As an economic strategy, should the Rochester region make a focused effort to attract more foreign-born workers?*
* A report released last week shows that growth in the region’s foreign-born population has offset a decline in native-born residents. In addition, foreign-born workers here are more likely to have a college degree than native-born area residents.
Over several centuries, the USA’s national economy has prospered, at least in part, from immigration into our country. In addition to immigration sustaining growth, immigrants have a higher propensity to create new businesses, and hence new job opportunities for everyone. … I thank my foreign-born grandparents for coming here, enabling me, and all their descendants, the opportunity to enjoy the fruits of our great nation. Let us continue this successful tradition by welcoming immigrants to the Rochester area.
-Peter A. Pizzutelli, vice president of sales, Finger Lakes Technologies Group
Yes, not at the expense of U.S.-born, but as a way to focus a part of the effort toward achieving the overall goal of attracting and retaining talent.
-David Lamb, Rochester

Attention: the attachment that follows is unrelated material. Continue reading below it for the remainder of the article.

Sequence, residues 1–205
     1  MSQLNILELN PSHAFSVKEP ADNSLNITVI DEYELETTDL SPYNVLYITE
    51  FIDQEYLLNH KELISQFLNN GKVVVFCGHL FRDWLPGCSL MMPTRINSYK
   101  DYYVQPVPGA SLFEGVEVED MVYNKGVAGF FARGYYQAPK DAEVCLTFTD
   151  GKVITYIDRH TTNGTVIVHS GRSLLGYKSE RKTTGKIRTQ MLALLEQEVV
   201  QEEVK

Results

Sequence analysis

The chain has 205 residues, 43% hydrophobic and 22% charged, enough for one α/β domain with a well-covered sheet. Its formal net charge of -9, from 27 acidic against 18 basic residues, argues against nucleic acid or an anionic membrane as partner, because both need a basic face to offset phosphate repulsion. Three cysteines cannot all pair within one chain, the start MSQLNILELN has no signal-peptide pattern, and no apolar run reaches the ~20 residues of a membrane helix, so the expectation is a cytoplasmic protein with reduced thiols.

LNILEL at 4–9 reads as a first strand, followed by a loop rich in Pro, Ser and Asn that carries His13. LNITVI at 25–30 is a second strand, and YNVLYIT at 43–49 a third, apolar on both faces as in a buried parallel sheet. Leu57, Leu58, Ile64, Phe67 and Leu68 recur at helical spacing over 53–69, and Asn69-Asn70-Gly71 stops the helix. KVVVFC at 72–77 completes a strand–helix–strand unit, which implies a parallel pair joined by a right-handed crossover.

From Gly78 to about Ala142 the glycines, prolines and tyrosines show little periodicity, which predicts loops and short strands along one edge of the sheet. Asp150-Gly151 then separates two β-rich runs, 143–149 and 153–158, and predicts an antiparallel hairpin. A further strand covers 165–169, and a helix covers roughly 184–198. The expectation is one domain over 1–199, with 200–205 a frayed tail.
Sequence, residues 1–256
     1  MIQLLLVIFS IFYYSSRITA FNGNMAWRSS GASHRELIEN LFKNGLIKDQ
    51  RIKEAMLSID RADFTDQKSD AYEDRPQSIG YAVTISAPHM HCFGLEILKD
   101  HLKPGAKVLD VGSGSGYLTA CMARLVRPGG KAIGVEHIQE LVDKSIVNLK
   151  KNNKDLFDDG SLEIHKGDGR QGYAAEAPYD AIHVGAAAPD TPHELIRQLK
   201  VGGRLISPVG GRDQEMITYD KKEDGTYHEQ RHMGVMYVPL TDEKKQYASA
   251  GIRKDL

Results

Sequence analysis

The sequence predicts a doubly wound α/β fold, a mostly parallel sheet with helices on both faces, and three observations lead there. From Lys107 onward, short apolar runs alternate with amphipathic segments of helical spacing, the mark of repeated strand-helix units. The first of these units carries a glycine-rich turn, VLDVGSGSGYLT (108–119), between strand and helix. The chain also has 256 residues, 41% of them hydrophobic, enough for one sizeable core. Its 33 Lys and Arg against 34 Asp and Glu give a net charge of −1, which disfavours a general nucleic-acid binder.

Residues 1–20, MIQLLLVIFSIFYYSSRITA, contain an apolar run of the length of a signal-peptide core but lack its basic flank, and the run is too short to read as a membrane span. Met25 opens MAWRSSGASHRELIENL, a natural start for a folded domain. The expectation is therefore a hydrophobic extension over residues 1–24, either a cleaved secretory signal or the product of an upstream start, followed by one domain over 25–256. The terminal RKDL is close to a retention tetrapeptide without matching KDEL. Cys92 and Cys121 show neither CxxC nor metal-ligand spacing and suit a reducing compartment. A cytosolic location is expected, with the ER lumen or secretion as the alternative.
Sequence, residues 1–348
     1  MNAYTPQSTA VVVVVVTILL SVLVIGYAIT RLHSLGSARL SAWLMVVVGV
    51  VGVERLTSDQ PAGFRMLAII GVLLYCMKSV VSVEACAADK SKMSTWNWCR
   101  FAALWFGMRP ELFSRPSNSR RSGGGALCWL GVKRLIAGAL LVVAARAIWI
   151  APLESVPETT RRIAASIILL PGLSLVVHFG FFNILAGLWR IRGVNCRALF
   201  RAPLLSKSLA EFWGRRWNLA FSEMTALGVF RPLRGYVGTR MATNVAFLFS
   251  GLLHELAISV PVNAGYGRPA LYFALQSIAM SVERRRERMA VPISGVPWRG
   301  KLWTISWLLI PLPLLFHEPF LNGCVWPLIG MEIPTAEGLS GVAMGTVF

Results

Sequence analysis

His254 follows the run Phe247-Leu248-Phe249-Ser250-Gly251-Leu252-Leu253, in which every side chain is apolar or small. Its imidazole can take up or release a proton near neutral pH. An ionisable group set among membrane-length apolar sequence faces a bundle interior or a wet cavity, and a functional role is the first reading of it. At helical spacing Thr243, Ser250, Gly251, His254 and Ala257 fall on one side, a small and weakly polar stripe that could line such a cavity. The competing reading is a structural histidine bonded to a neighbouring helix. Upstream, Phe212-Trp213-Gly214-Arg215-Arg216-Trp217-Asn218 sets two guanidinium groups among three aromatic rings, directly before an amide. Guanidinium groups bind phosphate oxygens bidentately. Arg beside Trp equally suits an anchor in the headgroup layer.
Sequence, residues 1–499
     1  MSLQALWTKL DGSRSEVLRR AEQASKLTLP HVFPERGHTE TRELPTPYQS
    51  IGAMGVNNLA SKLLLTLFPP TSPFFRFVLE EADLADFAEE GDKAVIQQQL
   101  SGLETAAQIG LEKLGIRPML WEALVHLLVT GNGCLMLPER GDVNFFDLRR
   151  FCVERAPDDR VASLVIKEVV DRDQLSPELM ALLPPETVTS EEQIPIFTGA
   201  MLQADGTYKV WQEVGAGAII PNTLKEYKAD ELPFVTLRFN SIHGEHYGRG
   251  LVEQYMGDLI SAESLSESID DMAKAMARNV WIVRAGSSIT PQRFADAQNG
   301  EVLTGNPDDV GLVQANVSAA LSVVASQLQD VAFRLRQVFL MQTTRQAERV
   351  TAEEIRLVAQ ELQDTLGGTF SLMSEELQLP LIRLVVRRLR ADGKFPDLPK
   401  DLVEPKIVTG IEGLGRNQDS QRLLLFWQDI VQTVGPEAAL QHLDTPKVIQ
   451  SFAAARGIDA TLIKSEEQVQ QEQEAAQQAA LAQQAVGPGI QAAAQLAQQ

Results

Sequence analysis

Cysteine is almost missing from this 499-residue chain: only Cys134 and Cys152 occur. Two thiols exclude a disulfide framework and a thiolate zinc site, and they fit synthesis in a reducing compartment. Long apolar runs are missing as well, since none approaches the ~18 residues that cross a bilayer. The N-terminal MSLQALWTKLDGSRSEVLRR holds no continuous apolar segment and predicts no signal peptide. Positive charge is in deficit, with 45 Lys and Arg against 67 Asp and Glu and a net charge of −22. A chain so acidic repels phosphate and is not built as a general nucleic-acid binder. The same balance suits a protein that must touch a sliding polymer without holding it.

A systematic strategy to attract foreign-born population is beneficial to ANY community. They bring knowledge, skill, culture and diversity to the otherwise homogenous society. … They are engines to the economy. It is not a question of should we attract them but what do we have to attract them to come and to stay here?
-Patrick Ho, Rochester Optical
Until we run out of local people needing and willing to work, we should work harder on retaining our trained workers. We know (or hope) that these people are taxpaying members of our society. Foreign imports may not be so willing.
-Bob Hyder, Hyder Machinery
Rochester should make an effort to attract as many qualified workers as possible. Where they are born or educated should not impact the decision to hire. It would be valuable, however, for resources to be available to all employers to assist foreign-born workers to become members of our social as well as working community.
-Lonny Dolin, Dolin Thomas & Solomon LLP
11/16/07 (C) Rochester Business Journal